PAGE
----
From Mutual Aid to the Welfare State: Fraternal Societies and Social Services, 1890-1967

By David T. Beito | Go to book overview

CHAPTER NINE

Our Dreams Have All Come True

rphanages and homes for the elderly were not the only social welfare institutions established by fraternal societies during the first three decades of the twentieth century. Many lodges embarked on O endeavors ranging from state-of-the-art hospitals and sanitari- ums to preventive health centers staffed by nurses and volunteers. 1

The life insurance orders were responsible for many of the grand projects, especially in health care. Much of this fraternal activism was a legacy of readjustment. The end of cheap rates made it harder for the life insurance orders to compete with the commercial companies, who now had the edge. In 1923 the average annual premium for ten representative life insurance orders for a man who joined at age thirty was $20.81 per $1,000, while the same policy in a commercial company cost $18.29. Under such circumstances, societies responded by returning to their roots as fraternal rather than merely cheap-rate societies. 2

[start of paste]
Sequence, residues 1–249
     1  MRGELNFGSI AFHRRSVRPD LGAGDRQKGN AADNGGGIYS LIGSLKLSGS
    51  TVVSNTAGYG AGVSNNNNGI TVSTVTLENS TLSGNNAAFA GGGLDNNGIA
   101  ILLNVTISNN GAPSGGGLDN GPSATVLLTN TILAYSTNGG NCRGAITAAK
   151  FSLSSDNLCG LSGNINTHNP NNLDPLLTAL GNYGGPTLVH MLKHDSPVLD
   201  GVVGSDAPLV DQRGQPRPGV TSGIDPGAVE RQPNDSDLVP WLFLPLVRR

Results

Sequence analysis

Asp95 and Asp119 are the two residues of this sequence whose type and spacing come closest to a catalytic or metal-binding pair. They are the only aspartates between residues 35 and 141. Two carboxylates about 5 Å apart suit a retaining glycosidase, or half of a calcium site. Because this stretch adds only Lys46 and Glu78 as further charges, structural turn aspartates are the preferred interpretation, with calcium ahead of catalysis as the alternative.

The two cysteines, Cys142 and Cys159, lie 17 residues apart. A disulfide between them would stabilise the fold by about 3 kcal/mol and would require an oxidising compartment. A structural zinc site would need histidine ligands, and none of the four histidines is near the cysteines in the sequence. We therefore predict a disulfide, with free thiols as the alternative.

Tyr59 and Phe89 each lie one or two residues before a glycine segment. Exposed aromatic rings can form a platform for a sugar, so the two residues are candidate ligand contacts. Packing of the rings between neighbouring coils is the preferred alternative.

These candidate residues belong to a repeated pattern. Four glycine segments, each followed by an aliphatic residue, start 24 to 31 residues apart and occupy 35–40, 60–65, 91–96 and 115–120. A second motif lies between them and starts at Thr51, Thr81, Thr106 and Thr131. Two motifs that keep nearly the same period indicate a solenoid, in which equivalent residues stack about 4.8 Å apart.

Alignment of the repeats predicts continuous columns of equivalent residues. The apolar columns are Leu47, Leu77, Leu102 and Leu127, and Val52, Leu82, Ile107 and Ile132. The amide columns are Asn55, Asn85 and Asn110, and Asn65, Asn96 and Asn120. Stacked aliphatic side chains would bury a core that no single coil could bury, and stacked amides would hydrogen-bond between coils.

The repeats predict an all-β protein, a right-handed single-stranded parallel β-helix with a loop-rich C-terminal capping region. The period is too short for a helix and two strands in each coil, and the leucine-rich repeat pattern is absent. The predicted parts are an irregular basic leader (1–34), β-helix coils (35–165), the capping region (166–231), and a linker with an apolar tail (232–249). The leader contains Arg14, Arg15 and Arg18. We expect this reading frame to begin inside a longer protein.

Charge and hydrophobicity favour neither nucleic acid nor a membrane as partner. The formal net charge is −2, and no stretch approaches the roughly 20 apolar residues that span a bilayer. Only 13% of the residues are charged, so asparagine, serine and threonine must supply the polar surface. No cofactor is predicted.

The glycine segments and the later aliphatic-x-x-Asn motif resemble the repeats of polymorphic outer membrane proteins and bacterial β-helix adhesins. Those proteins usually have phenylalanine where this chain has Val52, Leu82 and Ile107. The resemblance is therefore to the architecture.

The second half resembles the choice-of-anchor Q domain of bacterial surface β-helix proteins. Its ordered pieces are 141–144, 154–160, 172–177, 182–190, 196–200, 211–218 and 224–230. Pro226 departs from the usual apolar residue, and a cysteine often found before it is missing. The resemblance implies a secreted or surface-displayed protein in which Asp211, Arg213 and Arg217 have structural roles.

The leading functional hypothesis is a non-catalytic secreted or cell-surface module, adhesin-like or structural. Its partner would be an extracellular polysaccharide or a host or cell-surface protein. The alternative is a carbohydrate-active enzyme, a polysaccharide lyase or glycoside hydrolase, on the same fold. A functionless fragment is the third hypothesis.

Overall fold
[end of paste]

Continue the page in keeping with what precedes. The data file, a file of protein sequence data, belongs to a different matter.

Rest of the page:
They made the fight against tuberculosis a priority. Causing 140.1 deaths per 100,000 in 1915, the “white plague” was truly a pandemic. But there was reason to believe that individuals could make a positive difference. Evidence was mounting that tuberculosis was curable if detected early. Experts regarded a stay in a sanitarium as a promising form of treatment. In a healthful environment, they suggested, the afflicted could partake of the benefits of improved ventilation, sunshine, a balanced diet, and rest. 3

The fraternal war against tuberculosis began with a proposal by H. A. Warner, the president of NFC from 1901 to 1902. He appealed to member organizations for cooperation in establishing a national fraternal sanitarium in Las Vegas, New Mexico. Warner recommended that construction costs be met by a per capita fee of a penny per month on each of the 3.5 million members. Under this scheme members of the cooperating societies would get free treatment, while nonmembers would pay reduced rates. 4

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